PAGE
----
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What are some common causes of long-term disability claims?

Thursday, November 23rd, 2017

It is only natural to assume that we won’t become seriously ill until well after retirement when we are in our elder years. However, disability is no respecter of age, and many people will find they become disabled while they are still young and working. In fact, the Council for Disability Awareness reports that, on average, a person with a long-term disability will not be able to go to work for over 34 months. To put it into perspective, that’s nearly three years that a person will be unable to earn money to support themselves and their families.

In 2013, the most common reason a person would suffer a long-term disability was due to issues with their musculoskeletal and connective tissues. The second most common reason a person would suffer a long-term disability was due to cancer. The following ailments were also responsible for many long-term disability claims: injuries and poisoning, cardiovascular issues, mental disorders, disorders of the nervous system and complications due to pregnancy and childbirth.

Sometimes, a person has enough in their savings account to support themselves while they are out of work due to a long-term disability, but, for many people, this simply is not possible. That is when it can help to have long-term disability insurance.

Some people have long-term disability insurance as part of their benefits package offered by their employer. However, if a person’s employer does not offer such a benefit or if a person is self-employed, they can still purchase an individual long-term disability insurance plan. A long-term disability insurance policy will kick in around three to six months after a person becomes disabled and any short-term disability insurance funds they have access to are depleted. While each policy is different, in general, a long-term disability policy will cover around 50 to 60 percent of the policyholder’s income while the policyholder is disabled. These benefits will continue until the policyholder is able to re-enter the workforce or for a certain number of years. Sometimes, they will even last until the policyholder is 65.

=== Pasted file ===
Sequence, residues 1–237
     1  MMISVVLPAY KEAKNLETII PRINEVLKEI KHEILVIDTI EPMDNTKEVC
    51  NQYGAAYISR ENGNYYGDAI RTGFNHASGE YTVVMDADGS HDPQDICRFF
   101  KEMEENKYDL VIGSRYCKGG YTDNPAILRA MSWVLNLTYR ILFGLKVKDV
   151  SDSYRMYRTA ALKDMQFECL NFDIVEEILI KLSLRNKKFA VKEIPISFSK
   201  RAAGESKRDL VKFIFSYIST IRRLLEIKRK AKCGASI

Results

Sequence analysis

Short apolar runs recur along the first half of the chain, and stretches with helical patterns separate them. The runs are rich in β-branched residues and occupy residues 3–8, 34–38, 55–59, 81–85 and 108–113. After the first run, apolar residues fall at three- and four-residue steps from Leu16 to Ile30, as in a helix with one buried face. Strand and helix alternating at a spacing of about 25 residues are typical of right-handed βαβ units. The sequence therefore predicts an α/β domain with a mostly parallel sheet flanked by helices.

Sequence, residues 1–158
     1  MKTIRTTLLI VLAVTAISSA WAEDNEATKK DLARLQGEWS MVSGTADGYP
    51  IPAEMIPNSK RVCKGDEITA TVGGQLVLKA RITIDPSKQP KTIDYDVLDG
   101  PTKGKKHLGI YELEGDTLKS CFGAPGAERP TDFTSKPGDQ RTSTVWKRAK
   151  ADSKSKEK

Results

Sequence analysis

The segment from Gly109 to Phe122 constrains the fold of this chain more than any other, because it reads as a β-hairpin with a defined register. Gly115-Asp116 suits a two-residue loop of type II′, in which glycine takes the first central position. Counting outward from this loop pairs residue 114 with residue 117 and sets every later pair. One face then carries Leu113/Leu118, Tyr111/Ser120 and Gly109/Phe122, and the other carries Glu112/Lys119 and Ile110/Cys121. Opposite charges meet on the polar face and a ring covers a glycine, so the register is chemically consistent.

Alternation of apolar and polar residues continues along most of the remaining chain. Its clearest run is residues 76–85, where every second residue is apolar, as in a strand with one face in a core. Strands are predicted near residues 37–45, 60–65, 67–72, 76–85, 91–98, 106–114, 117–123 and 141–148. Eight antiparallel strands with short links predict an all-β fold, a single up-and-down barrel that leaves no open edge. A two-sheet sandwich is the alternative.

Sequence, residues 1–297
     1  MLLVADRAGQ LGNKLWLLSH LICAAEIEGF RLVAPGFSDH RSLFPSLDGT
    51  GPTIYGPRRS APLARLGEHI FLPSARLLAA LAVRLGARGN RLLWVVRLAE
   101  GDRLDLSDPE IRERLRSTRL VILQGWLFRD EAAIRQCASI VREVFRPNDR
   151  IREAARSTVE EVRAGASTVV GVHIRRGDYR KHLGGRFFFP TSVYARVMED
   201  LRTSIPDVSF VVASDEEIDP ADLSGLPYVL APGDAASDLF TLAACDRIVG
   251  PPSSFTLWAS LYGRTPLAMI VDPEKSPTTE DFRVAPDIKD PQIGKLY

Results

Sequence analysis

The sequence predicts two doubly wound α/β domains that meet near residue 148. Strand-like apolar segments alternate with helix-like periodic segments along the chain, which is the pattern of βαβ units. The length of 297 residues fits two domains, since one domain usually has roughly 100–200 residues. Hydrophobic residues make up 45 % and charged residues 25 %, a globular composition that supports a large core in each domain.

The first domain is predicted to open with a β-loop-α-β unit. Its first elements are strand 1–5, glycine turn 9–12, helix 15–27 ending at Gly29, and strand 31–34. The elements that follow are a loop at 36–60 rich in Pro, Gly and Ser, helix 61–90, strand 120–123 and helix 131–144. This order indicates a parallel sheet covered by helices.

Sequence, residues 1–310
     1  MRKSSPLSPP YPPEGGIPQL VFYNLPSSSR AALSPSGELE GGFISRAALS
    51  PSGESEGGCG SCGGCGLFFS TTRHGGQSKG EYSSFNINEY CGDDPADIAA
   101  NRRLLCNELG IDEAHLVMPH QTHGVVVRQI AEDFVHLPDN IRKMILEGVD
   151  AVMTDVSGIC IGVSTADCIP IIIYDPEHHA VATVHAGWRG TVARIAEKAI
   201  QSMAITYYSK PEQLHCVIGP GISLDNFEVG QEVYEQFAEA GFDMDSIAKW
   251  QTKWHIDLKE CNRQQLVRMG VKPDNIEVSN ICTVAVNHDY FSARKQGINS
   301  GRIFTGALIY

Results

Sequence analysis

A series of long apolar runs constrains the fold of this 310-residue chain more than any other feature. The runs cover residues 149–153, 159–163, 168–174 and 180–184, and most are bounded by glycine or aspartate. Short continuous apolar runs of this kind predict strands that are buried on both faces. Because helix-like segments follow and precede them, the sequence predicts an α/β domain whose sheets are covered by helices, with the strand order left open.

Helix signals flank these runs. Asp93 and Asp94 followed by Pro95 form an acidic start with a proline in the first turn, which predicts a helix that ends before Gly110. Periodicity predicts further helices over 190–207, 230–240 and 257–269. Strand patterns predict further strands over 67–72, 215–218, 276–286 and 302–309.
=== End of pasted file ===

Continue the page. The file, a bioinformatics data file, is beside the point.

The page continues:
As this shows, people should not take their good health for granted. Disabilities can occur to anyone of any age. Therefore, it is important to be prepared by obtaining long-term disability insurance.

Source:, “The basics of long-term disability insurance,” June 3, 2016

Jason A. Newfield

Written By:

Jason A. Newfield - Disability Insurance Attorney

Jason Newfield is a founding partner of the disability insurance law firm Frankel & Newfield. He has spent the majority of his legal career advocating for the rights of disabled workers. He has lectured other professionals, worked on a Federal Advisory committee, and published many articles in the field of disability insurance claims and litigation.

Learn more about Jason | See Jason’s Publications



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This is about a Social Security Disability claim.

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